Spinal shock describes the temporary loss of all reflexes, sensation, and motor control below one’s level of spinal cord injury. Often, it isn’t until spinal shock subsides that individuals develop a better understanding of what functions are or are not affected by spinal cord injury (SCI).
While it can be frightening to experience spinal shock after spinal cord injury, it can also be comforting to find out that your injury may not be as severe as it initially seemed and that there is potential for functions to return.
To help you understand what spinal shock is, this article will discuss its:
What Causes Spinal Shock?
While the underlying mechanisms of spinal shock have yet to be fully understood, it’s suggested that spinal shock is caused by swelling following damage to the spinal cord. Generally, swelling peaks at about 3-6 days post-injury.
Immediately following SCI, the body attempts to heal itself by activating an inflammatory response. This triggers an outbreak of biochemical reactions in an attempt to protect and stabilize the spinal cord. However, these processes are harsh and can cause secondary damage in the form of cell deaths, inflammation, swelling, and reduced blood flow.
Swelling of the spinal cord can further restrict blood flow, which disrupts the delivery of oxygen and other essential nutrients to tissues. As a result, autoregulation (the ability to maintain a constant blood flow) below the level of injury becomes impaired. Our bodies need blood to fuel cellular activity. Without sufficient amounts of it, cells may be damaged and the body can start to dysfunction.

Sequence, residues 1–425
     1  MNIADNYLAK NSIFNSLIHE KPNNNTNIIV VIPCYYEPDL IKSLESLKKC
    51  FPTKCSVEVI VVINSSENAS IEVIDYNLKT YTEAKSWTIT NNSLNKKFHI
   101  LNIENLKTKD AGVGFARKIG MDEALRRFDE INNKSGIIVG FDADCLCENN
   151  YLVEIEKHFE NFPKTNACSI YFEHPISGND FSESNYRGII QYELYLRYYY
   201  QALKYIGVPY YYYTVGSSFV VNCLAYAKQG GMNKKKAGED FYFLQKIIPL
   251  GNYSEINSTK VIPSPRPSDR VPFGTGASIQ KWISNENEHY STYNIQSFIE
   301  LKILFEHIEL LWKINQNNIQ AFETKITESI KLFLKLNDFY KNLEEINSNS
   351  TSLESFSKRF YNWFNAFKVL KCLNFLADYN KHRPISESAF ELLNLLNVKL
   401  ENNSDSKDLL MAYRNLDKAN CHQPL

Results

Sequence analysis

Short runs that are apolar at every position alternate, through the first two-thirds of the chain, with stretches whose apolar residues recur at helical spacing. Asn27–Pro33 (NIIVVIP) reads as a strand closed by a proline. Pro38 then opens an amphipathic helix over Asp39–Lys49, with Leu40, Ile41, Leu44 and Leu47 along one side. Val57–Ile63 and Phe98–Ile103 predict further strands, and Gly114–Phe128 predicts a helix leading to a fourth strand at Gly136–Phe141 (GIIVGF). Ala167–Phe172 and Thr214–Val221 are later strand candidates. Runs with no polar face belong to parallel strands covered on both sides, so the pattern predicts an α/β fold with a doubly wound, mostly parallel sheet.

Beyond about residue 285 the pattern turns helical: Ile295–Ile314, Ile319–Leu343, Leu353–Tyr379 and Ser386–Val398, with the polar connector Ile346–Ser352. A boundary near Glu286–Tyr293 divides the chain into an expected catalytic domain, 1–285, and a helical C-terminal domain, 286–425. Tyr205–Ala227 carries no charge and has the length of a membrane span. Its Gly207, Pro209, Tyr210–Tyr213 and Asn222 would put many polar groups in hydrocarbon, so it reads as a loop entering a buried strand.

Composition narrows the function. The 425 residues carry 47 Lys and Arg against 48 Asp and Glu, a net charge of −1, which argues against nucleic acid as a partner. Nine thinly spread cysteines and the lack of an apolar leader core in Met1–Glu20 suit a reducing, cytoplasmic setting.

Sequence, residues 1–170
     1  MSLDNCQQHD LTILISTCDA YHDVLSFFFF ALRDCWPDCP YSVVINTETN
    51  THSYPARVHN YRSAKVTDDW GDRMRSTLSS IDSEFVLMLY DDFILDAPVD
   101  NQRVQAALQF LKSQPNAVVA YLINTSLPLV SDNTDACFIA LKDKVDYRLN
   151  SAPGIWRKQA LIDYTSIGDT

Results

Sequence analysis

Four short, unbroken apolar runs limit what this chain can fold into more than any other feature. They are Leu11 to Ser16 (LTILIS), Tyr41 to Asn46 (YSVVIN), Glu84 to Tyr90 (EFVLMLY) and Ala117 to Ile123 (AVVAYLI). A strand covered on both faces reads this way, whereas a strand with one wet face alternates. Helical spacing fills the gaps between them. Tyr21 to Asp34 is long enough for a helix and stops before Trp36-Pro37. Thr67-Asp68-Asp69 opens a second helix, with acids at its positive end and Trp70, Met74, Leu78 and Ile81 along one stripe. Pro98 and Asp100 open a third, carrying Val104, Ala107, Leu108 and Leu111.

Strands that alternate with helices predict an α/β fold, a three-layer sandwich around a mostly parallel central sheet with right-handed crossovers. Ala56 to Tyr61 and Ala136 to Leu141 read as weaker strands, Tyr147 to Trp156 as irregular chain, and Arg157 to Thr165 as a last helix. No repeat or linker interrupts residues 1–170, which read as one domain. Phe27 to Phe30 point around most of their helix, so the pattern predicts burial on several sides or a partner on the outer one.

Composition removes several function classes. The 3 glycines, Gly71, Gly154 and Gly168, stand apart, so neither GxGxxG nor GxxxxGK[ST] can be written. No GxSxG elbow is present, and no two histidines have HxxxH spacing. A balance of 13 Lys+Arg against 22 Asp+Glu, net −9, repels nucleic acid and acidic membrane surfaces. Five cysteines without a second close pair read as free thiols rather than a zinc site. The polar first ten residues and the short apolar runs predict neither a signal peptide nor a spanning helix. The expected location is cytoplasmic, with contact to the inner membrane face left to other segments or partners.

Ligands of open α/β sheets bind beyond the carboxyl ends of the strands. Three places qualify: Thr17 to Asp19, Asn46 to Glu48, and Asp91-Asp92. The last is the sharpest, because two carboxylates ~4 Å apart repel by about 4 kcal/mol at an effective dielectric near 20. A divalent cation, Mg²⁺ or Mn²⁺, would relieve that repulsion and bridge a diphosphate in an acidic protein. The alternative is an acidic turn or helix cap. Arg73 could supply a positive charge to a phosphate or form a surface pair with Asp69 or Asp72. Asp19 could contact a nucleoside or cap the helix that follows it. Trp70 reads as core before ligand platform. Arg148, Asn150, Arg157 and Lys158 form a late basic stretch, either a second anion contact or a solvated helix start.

Due to the complete loss of motor control and reflexes below the level of injury during spinal shock, it is possible to mistake an incomplete spinal cord injury for a complete one. It isn’t until the swelling subsides that functions innervated below the level of injury may begin to return. Make sure to speak with your medical team about whether they believe you are in spinal shock or not.
In the following section, we’ll discuss the signs and symptoms of spinal shock.
Signs and Symptoms of Spinal Shock
Depending on the amount of time that has elapsed since their initial injury, individuals tend to experience various signs and symptoms of spinal shock. Additionally, the more severe the spinal cord injury, the greater the risk of experiencing spinal shock.
Signs and symptoms of spinal shock include:
- Loss of reflexes
- Loss of motor control
- Low blood pressure (if the SCI occurs at the T6 level or higher)
- Decreased heart rate (if the SCI occurs at the T6 level or higher)
- Flaccid paralysis
- Urinary retention
- Fecal incontinence
- Spasms/ increased muscle tone
- Loss of sensation
Generally, individuals with spinal shock go from one extreme to the other. Initially, they experience flaccid, limp muscles and an absence of reflexes below their level of injury. Then, symptoms transition to a state of hyperreflexia, where the muscles become extremely reactive to stimulation.
Outlined below is a quick overview of the 4 phases of spinal shock:
- Phase 1: areflexia (absent reflexes)/hyporeflexia (below normal reflexes), flaccid paralysis, loss of sensation